When it comes to writing a gamebook, what's the most important thing that you do?
Make the interactive element meaningful. For me, that often means thinking up the different endings. I want each ending to, by itself, make a satisfying story. When writing straight fiction, I often find myself thinking, 'well, what if it went this way? What if this character did that instead?' and with gamebooks, I can explore that. But if the choices the reader is asked to make are essentially filler that don't make any difference to the story, then I don't see the point.
What have you got coming up in terms of your gamebook/competition projects?
It's secret... :D No, I have a few ideas burning at the moment. One is a dark fantasy story of personal redemption set against a harsh, desert backdrop. Another is a post-apocalyptic story with giant robots. A third is a steampunk murder mystery. Farther down the production lineup are ideas for a horror/ghost story set in an art gallery in modern New York. Or a time-bending space fiction story, sort of Firefly meets Dr. Who. There's too many ideas to really write them all, so I just need to pick one and run with it. Or, you know... 3 or 4. I can never manage to keep myself focused on just one writing project at a time.
Did you have any reservations about social media before you started using it?
Yes. There's some bad publicity for a lot of social media. It can be cool to reject it... if only because it's so popular. But once I got on board, I'm finding that I really do see the point. The gamebook world is a small community. There's maybe a dozen or so of us, and none of them that I know of, except me, live in California. If I weren't using social media, I wouldn't be able to participate in being a member of that community.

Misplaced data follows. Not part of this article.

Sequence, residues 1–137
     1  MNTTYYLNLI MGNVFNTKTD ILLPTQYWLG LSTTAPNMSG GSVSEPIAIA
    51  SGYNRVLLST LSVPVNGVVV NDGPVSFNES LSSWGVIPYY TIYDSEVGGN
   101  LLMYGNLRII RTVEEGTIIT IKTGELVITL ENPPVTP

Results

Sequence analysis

What has happened since using Twitter?
I've found myself much, much more connected to some of the awesome people who share my interest in gamebooks. I've had conversations with Dave Morris, or Jonathan Green. These are celebrities in my field! It's amazing :D
Would you do anything differently if you could start using Twitter again?
I came to Twitter late enough that by the time I got there, I had a pretty good idea of what I wanted to use it for. The only thing I'm still working on is balancing social media with actually writing. Sometimes I sway toward too much social media and not getting any writing done. Lately I've tilted the other direction, and haven't been participating as much. I'd like to fix that.
Is there any other social media that you plan to use for your writing?
I've heard good things about Tumblr. I'd like to check that out once I get around to it. I occasionally update on Facebook and Google Plus, but since I've had those for longer, they're more focused toward my personal life. I don't want to bombard friends and family with lots of writing updates if that's not what they signed up for.
My blog has some other pages. A lot of the material I've produced so far can be found there. It's not a personal site, but I'm also involved with a non-profit organisation called Children for New Green Nepal, which I helped to found back in 2006. I do some fundraising for them from time to time. You can see their website at http://www.cgnn.org.np/
What do you think the future of gamebooks is?
Neil Rennison said that 2012 would be the year of the gamebooks, and I think he was right. It seems like the last couple years have really seen a resurgence of interest in gamebooks. It may not have hit the mainstream yet, completely, but a number of talented individuals have started getting together and saying, "hey, this is an awesome field, let's make some awesome work in it." With new material being created in gamebooks for the first time in over a decade, I think it's just going to keep getting bigger.